What is spondylolisthesis?
Spondylolisthesis is a spinal condition characterized by the forward movement or “slipping” of one vertebra over another in the spinal column. A spondylolisthesis most commonly affects the lower spine, particularly the fifth lumbar vertebra (L5) slipping over the sacrum (S1) in the lumbar region.
Spondylolisthesis can affect both children and adults. There are two common forms of spondylolisthesis:
- Degenerative spondylolisthesis occurs in older individuals due to age-related wear and tear of the spinal discs and facet joints. Facet joints are small joints between the vertebrae that provide stability and help control spinal movements. Degenerative spondylolisthesis is usually related to the combination of the facet joint wearing out and disc degeneration leading to instability and forward movement of one vertebral body on another. If the vertebral bone shifts out of position too much, it can cause pressure on the surrounding nerves. Nerve damage may result and can cause shooting pain down the legs called sciatica. Slippage can also result in cauda equina compression, a severe complication that requires emergency surgery. Degenerative spondylolisthesis is also a major cause of spinal stenosis.
- Isthmic spondylolisthesis develops from a spondylolysis, which is a stress fracture in one of the vertebral bones. In some cases, the fracture is so severe that it causes the bone to slip out of its position. This typically occurs in teens who are highly active in sports and progresses as a young adult. Sports that place significant stress on the lower back, such as gymnastics, football and weightlifting, can create stress fractures on one or both sides of the vertebra.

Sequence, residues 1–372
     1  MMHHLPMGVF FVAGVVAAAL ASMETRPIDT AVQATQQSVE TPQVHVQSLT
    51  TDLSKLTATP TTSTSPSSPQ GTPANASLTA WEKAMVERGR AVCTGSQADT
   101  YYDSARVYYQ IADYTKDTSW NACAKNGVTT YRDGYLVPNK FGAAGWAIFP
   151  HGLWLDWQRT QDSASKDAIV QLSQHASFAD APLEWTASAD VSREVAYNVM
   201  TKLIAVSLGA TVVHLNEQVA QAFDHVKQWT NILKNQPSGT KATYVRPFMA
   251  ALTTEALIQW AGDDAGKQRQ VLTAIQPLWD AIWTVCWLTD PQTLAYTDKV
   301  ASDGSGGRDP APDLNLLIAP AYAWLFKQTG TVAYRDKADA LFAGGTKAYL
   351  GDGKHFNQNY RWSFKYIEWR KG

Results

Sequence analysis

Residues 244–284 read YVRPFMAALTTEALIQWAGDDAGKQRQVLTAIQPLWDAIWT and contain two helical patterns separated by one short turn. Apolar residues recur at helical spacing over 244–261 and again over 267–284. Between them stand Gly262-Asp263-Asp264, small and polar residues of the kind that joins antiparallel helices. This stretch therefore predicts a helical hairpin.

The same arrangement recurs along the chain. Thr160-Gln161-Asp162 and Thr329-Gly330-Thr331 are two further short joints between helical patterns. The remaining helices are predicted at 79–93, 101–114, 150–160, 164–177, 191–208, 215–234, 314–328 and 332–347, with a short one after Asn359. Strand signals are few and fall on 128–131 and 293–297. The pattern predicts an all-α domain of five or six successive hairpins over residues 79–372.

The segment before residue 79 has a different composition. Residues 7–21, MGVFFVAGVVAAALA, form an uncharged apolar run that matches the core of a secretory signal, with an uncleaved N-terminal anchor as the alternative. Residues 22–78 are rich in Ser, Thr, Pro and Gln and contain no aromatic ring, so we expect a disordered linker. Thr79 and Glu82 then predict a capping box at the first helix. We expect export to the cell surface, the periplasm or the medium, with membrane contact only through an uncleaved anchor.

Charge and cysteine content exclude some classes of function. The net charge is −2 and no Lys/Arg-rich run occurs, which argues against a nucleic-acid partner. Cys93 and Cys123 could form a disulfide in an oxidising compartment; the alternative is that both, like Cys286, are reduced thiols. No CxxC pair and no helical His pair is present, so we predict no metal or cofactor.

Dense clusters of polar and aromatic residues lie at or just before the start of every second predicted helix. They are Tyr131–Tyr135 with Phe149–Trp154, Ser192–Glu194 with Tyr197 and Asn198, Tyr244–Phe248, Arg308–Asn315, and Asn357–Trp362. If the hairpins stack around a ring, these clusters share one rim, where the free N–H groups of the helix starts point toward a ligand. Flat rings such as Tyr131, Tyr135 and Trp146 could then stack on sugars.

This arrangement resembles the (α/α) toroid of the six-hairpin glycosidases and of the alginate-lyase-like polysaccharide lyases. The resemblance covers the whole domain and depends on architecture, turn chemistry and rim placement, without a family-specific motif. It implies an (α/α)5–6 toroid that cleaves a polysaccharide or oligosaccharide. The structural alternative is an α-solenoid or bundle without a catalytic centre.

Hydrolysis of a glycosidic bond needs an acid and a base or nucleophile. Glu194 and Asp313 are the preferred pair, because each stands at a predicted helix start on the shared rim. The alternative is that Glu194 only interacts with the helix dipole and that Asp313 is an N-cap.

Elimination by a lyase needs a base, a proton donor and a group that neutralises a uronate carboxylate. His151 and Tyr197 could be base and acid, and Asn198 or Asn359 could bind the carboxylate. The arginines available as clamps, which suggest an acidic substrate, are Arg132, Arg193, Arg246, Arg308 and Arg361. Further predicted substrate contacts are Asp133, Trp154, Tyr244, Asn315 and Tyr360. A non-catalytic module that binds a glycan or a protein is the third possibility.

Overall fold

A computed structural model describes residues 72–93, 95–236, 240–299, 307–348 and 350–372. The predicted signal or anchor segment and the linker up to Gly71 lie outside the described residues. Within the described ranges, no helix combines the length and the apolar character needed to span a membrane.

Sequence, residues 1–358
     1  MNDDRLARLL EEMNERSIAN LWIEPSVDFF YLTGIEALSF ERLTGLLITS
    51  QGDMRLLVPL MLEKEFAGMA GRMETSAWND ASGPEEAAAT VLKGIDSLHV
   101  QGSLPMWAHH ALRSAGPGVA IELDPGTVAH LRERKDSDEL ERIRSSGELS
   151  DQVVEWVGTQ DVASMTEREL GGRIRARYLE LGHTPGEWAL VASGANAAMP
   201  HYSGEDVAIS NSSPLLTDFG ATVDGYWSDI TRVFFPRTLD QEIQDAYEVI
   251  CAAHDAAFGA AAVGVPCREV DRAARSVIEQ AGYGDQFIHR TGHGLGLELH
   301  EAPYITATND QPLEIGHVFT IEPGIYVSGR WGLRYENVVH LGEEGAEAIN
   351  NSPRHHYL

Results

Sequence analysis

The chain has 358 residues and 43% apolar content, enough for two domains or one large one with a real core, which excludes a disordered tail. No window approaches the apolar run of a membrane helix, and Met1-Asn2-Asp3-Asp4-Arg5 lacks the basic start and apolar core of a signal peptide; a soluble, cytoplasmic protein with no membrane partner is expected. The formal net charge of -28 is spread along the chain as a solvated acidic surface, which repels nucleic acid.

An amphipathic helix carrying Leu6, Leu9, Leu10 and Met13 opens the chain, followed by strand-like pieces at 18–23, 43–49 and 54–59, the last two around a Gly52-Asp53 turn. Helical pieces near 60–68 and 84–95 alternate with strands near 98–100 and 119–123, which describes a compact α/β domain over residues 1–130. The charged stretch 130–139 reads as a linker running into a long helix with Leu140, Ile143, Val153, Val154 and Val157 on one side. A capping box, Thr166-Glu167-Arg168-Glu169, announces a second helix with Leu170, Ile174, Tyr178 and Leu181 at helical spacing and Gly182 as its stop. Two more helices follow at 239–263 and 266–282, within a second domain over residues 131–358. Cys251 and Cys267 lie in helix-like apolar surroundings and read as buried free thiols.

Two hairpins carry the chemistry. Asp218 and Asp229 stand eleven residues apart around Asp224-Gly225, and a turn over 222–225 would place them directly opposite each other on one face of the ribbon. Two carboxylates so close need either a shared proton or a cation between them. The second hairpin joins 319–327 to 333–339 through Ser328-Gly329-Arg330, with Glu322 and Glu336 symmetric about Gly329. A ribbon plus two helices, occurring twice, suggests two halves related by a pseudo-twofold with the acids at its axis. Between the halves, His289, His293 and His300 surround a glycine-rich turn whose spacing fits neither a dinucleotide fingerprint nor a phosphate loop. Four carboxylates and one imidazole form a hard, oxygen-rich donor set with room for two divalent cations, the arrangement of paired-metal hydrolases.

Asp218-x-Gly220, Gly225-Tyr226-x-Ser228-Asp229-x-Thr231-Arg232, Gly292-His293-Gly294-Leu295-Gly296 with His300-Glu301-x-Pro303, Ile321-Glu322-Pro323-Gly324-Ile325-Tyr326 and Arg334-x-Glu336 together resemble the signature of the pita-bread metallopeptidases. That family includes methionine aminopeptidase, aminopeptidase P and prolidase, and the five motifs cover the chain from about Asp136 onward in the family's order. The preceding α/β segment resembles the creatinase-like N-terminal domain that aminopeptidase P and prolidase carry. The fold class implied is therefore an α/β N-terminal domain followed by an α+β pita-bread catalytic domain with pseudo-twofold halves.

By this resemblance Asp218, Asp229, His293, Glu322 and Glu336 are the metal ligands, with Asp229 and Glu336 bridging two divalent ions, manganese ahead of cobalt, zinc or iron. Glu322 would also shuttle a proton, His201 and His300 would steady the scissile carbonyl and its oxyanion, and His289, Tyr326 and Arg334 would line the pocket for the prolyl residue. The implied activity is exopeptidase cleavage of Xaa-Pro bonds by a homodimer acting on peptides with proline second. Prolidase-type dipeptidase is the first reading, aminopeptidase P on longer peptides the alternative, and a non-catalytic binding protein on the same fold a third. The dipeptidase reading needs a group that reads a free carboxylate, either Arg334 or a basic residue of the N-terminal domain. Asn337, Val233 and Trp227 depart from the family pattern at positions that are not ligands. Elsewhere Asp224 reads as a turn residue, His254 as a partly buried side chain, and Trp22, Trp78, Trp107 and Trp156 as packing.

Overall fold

Spondylolisthesis can have a variety of symptoms. Some people may not experience any symptoms at all. For others, symptoms can be mild to severe.
Symptoms may include:
- lower back pain that worsens over the course of the day
- pain in the thighs and buttocks that shifts from side to side
- stiffness and reduced flexibility in the low back
- tightness in the hamstring muscle or spasms
- tenderness surrounding the area of the slipped vertebra
- difficulty standing and walking
- nerve compression symptoms include pain, numbness, tingling in the buttocks, legs or feet and pain if the vertebra puts pressure on the nerve roots, especially sciatica.
Chicago spine surgeon, Dr. Kern Singh will review your medical history, ask about your symptoms, perform a thorough physical exam and order imaging studies, such as X-rays, MRI, or CT scans, to evaluate spinal alignment, slippage, the condition of the vertebrae and nerve compression. Considering all the facts, Dr. Singh will offer his diagnosis and recommendation for treatment.
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Dr. Kern Singh, MD is an internationally renowned spine surgeon specializing in outpatient minimally invasive and motion-preserving techniques and endoscopic spine surgery at Midwest Orthopaedics at Rush and Professor in the Department of Orthopaedic Surgery at Rush University Medical Center in Chicago, Illinois. Dr. Kern is one of the nation’s Top 100 spine surgeons and beloved by his patients for his compassionate care and excellent outcomes. He welcomes nationally and internationally-based patients.
At A Glance
Dr. Kern Singh
- Minimally invasive and endoscopic spine surgeon
- Inventor and surgeon innovator with multiple patents in spinal surgery and instrumentation
- Author of more than 10 textbooks in minimally invasive spinal surgery
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